Jason Collett, 2012

REVIEW BY: Tom Haugen


If you pay attention to indie rock just north of the States, then you already know about Jason Collett and probably have your mind already made up about whether this belongs in your collection. If you don't, you've hopefully at least heard the name Broken Social Scene in passing; Broken Social Scene is a highly influential Canadian outfit who are on par with The Weakerthans as far as having an immeasurable impact on their fans. Collett is an integral member of the group and has parlayed his connections with the band into a prolific solo career, now with five albums to his credit. my_heart_sings_the_harmony_web_ad_alt_250

We're all well aware of the economic, political and environmental strife that's seemingly more abundant with each passing day; Collett is equally in tune with this, and Reckon pays much attention to his view of those problems in an eloquent and articulate manner. “Black Diamond Girl” focuses on the advantage being taken of indigenous populations for their resources. “Miss Canada” addresses the ramifications of oil mining. Other tracks like “Don't Let The Truth Get To You” are less specific, instead mulling over the often-bleak state of the world. However, it's not all politics here. “Ask No Questions” takes a look at infidelity and “When Things Go Wrong” provides a soundtrack for those times when it seems like all your efforts are futile.

Musically, Collett walks a path cut from the same cloth as Bob Dylan, The Jayhawks, or even more recent stars like Iron & Wine. While this is most certainly a protest record, the music is so graceful and beautiful that it's easy to forget the wordplay is so often fueled by disdain for the status quo. “Pacific Blue” shines with calm plucking and country-ish tones. “I Want To Rob A Bank” bleeds a breezy reggae vibe, a track that stands out among the rest due to this influence. While much of this runs parallel to the acoustic guitar centered “Talk Radio,” “My Daddy Was A Rock 'N’ 'Roller” is another anomaly and one of the louder moments here, a '70s rock spirited jam. The album closes on "When The War Came Home," a soulful Americana track that would make Jeff Tweedy proud and is a fitting end to an album with so much warm, thoughtful, and rustic grace.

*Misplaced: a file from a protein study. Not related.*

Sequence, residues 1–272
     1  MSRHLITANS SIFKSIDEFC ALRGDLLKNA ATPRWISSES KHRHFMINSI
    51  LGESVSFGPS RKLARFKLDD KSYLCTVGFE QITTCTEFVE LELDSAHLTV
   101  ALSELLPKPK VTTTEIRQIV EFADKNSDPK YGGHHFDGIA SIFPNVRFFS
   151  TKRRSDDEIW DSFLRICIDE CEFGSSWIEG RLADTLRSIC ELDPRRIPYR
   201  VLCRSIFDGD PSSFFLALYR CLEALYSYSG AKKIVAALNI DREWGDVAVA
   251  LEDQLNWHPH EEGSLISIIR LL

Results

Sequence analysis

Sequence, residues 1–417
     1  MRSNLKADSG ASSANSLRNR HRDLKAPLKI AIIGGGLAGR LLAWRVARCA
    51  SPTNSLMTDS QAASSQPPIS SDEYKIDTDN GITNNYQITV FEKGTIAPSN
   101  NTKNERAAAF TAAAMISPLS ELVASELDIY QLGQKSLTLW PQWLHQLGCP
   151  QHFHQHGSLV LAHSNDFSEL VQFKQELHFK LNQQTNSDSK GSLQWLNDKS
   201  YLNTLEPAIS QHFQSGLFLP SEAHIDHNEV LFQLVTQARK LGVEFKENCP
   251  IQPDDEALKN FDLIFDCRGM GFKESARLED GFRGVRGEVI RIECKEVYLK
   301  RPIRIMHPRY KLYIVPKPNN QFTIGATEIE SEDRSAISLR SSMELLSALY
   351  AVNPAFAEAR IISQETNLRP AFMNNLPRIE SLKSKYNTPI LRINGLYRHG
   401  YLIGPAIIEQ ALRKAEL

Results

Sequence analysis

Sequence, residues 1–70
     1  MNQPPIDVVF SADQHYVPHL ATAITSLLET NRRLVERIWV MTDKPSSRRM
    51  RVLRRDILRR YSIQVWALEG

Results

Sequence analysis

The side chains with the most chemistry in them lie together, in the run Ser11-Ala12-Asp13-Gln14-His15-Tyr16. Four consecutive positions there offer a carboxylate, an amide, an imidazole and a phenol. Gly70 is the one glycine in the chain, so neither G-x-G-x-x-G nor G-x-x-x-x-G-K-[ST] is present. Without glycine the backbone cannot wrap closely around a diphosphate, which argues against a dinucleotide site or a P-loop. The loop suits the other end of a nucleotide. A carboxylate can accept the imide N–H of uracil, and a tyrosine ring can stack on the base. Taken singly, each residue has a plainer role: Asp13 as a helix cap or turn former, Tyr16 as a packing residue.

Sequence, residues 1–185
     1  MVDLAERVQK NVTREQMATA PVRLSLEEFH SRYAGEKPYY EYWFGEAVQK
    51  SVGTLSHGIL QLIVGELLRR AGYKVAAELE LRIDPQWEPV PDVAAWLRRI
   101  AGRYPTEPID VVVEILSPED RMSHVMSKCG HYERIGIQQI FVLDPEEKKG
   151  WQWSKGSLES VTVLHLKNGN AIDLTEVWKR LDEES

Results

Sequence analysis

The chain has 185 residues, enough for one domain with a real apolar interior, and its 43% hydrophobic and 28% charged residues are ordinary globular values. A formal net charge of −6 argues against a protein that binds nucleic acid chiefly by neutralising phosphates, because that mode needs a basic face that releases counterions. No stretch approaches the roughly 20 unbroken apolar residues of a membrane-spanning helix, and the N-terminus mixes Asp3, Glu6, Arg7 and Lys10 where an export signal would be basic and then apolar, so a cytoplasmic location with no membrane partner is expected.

Although I'm probably in the minority when I say that I enjoy Collett's solo work more than his albums with Broken Social Scene, there's no doubt that he's one of the most talented songwriters that exists today. If you're interests reside anywhere between Wilco and Lucero, you'll appreciate this.

Rating: A

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